Let me start off my saying, as a first generation American who moved here from Iran, I will be the last person to devalue America. I grew up here, and I will always be extremely grateful for all of the opportunities and rights I’m given in this country, because I know I wouldn’t have them if my parents had not moved here. I actually do care a lot about this country, and despite common perceptions of me, I am “patriotic” enough to want to improve and contribute to it and make it a better place for everyone. Criticizing unjust and hateful institutions within America, or mistakes it has made regarding foreign relations does not equal hating America. I’ve been told “if you don’t like it here, go home” numerous times when criticizing problems I notice (and ironically enough, I’m being told this while exercising my right to free speech, which in other circumstances people would jump to defend).
The most recent issue I’ve seen come
up is regarding the movie “American Sniper”. No, I haven’t seen the movie in its entirely nor read the book, but I have done my research on it, and on the issues it’s supposedly covering. First of all, it is politically and historically inaccurate and leaves out huge, vital parts of the Bush Administration and the timeline for events that actually happened in the Middle East. It gives a very false perception of what was actually going on, and tugs of your cute little American heart strings with vivid propaganda instead. That’s not even my biggest beef with it.
By doing this, the movie is spreading Islamophobia and even more misconceptions about the Middle East and it’s culture. The vast majority of Americans, especially those seeing this movie, are not actually educated on the religion, the culture, or the politics of this region. So the fact that it’s pushing one side of the story without any accuracy or accountability for the actual events is a huge issue. I grew up in post-9/11 America, and it’s a horrible time and place for Muslims. Ironically, I am not Muslim and I have never identified as one, but my family does and I have always felt the stigma around simply saying I’m from Iran when people ask. When I was a kid, I would wish I had a “white” name so people would stop asking me where I was from when I met them. I remember looking at a map of Europe and literally picking a random country to say I was from instead. That’s how ashamed I was and how badly this toxic, anti-Islamic mindset affected me as an 8 year old.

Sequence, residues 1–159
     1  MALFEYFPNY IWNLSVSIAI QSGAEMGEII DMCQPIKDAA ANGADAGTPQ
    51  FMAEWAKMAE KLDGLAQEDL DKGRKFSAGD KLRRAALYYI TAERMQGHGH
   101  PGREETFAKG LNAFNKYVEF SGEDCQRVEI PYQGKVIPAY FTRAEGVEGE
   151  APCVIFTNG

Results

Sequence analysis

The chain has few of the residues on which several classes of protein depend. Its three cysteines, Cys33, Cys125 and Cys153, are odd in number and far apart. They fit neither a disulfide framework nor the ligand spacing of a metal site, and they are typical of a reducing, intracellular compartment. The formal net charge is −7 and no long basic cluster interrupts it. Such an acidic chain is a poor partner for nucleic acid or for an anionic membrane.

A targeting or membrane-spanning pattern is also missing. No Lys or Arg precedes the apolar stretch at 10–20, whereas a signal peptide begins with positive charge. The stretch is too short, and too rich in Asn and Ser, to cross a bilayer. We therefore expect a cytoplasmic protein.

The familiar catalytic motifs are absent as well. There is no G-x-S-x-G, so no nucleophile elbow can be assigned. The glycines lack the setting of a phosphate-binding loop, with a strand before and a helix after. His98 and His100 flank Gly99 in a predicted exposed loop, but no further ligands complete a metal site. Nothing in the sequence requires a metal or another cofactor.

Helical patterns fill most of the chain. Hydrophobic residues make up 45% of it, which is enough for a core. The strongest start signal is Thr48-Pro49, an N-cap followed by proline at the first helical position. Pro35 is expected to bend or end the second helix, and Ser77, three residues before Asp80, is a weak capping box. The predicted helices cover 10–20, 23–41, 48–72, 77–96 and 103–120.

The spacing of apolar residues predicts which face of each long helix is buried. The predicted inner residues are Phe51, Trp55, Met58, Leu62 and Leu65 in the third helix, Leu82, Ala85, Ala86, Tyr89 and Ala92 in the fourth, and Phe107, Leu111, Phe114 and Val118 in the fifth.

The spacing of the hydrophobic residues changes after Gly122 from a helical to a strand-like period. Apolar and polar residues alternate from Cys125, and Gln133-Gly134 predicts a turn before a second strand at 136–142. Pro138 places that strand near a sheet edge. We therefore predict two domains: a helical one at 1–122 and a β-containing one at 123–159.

Being anti-terrorism is very different from the anti-Islamic propaganda America has been pushing ever since 9/11. If America were really concerned about terrorism, you’d think they’d care about the domestic terrorism happening. There are police officers brutally murdering and attacking black people in this country, but America doesn’t seem to see that as an issue. Also look at the domestic terror attacks we’ve seen done by white people. What am I talking about? Exactly. They aren’t nearly as hyped up or plastered on the news.
Let’s also address that this is a “heroic” story of a man who killed the most people. Honestly I don’t know what else
to comment here because that statement speaks for itself. To what extent are we conditioned and brainwashed to where we think of someone who kills hundreds of innocent people to be a hero?
In my history class the other day, we were watching a video on Hitler and Nazi Germany. Specifically, when Germany took over Poland and how he got the support to do so. One detail that I found interesting was that Nazis made movies that portrayed Polish people as violent and brutal, attacking innocent Nazis. He used this propaganda to rally hate for the Polish and get people to support him taking over it.
No, I’m not trying to equate America with Nazi Germany. I just noticed the use of propaganda and portrayal of specific groups of people was interesting, and I immediately thought of the Islamophobia that American Sniper exudes. I think the comparison might help people notice the point I’m making. I get that a lot of people don’t understand this because they’ve never had to experience it, but it still blows my mind that more people don’t notice these blatant fallacies (or choose to ignore them).
Overall, I think mass
media that spreads hate, perpetuates negative stereotypes, and fails to educate people on relevant historical facts is hugely problematic, and American Sniper is all of those things. I want America to be a safer and more comfortable place for people of color, somewhere that certain groups of people don’t have to live in constant shame and fear for their lives due to their ethnicity or skin color. I want America to be accountable for its actions and to not romanticize killing innocent people by calling it heroism.